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[John_Lit] Re: John 1:29: now incl 5.14

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  • N & RJ Hanscamp
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    Message 1 of 1 , May 28 3:50 PM
      >>* Hence for John, sin is not a debt that must be paid, but a condition of
      >>blindness or bondage from which one must be freed, through the revelation
      >of
      >>Christ.
      >
      >i.e. passive - being freed? Yes, but ....
      >I'm not so sure about this one. IMHO, while blindness is a feature of the
      >gospel, the way *sin* is treated in e.g. 5.14 & 8.11 indicates that there
      is
      >an active component to the way humans are to deal with sin (MHKETI
      >hAMARTANE - do not sin anymore), as well as the active "taking way" which
      is
      >done by the AMNOS TOU QEOU
      >
      >But how do you read 5:14?? I suspect that the sin referred to here is the
      >lame man's refusal to claim responsibility for himself and his avoidance of
      >conflict with the authorities over the Sabbbath violation. The lame man is
      >the negative example of healing that does not issue in faith, set in
      >contrast to the other Sabbath healing in 9, which issues in faith. Sure,
      >there is an active component, but it has to do with receiving and acting on
      >revelation. For the 4G, sin is, in the final analysis, resistance to the
      >revelation of God's love and truth in Jesus.


      True. However 1. What follows is hINA MH CEIRON SOI TI GENHTAI (or you may
      suffer something worse - NEB) which seems to indicate that the man's sin had
      something to do with his initial condition. I recognise that this may be
      difficult to defend in the face of MHKETI hAMARTANE being present imp. which
      I presume would make a good case for where you are going.
      2. How does this tie in with your original statement about blindness? Also
      there seems to be only a healing here, with no statement of revelation - but
      I might have missed this.

      Yes the issue of faith is vital - and in the light of this it is strange
      that the evangelist does not make more of this.


      >>* Of course, John has several allusions to the language of sacrifice, such
      >>as 11:50. And there is a strong motif in John of Jesus' death as an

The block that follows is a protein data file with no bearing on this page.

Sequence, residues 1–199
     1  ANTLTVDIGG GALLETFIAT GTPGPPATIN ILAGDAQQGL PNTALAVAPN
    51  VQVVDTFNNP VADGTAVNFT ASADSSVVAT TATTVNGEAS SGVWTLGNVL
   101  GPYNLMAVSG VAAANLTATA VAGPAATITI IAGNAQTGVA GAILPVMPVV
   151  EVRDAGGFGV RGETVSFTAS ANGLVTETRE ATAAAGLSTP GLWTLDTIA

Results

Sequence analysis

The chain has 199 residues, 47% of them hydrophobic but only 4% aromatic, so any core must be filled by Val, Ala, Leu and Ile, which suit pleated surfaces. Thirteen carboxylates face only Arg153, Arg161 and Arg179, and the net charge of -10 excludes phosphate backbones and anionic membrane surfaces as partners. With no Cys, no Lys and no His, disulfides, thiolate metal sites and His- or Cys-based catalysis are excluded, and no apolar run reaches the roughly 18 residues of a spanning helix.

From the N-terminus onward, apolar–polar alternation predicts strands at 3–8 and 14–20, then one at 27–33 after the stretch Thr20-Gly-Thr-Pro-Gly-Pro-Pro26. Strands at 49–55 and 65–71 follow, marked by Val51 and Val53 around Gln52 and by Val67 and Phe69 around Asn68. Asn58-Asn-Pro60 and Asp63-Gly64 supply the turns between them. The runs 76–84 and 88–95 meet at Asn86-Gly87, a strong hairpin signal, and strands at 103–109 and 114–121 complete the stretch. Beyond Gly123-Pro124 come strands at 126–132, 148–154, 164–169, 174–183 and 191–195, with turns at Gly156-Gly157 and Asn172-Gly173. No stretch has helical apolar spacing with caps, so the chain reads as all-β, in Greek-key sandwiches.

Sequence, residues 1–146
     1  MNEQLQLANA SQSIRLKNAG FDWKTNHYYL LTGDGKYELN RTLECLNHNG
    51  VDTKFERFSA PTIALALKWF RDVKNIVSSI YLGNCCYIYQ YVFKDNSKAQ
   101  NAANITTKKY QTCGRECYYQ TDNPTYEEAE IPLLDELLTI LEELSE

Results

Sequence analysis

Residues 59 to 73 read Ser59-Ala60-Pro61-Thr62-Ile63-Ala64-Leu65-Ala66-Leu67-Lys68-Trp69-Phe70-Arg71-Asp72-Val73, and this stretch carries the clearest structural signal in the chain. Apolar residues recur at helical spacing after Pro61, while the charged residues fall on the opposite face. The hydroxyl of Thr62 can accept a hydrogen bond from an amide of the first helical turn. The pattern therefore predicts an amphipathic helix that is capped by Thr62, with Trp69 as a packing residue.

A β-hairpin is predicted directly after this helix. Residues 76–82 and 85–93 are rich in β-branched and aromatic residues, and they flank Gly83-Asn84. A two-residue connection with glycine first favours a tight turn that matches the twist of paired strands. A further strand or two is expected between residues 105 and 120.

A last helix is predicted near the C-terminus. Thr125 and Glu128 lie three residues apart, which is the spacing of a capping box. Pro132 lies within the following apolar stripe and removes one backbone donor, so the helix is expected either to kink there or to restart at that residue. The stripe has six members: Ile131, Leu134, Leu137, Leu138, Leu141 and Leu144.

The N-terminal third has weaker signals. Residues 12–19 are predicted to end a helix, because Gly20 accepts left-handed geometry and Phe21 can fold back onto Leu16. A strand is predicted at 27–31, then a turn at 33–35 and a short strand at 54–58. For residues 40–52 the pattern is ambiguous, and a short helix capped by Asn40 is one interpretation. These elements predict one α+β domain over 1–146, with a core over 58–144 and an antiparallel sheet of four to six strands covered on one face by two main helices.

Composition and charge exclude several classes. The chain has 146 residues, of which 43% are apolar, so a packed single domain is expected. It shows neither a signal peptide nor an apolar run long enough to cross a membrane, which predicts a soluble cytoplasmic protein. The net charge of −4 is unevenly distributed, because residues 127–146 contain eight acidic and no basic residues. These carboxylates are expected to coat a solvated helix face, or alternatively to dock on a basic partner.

>>expression of love for his own. Yet even here, the fourth gospel usually
      >>highlights these elements as an example to be imitated, rather than a gift
      >>of forgiveness to be received. Its primary function seems to be ethical,
      >>rather than soteriological.
      >
      >Both. The ethical "doing" and the "being done to".
      >I would value your response to this.
      >
      >I knew I would get nailed on this . . . . yes, it is both. Yet the order
      >is reversed from what most of us naturally assume. Traditionally, we
      assume
      >that the relationship between mutual love and salvation goes something like
      >this: Out of gratitude for the forgiveness of our sins, we offer ourselves
      >to God and to one another in love, which creates a transformed community.
      >The logic of the 4G seems to go instead like this: Having been loved by
      God
      >through self-revealing love that is faithful even to the point of death, we
      >too must love another with that same love, which has the capacity to
      >continue to reveal the truth about God to others. This is why the 4G twice
      >makes the astounding claim that believers are "sent" just as Jesus is
      >(17:18, 20:21).



      Well said. There is also something about having "life" in there too (20.31)
      I assume.

      Nigel


      Nigel and Rebecca Hanscamp
      Trinity Methodist Theological College
      Auckland Consortium of Theological Education, New Zealand
      Email: nar.hanscamp@...



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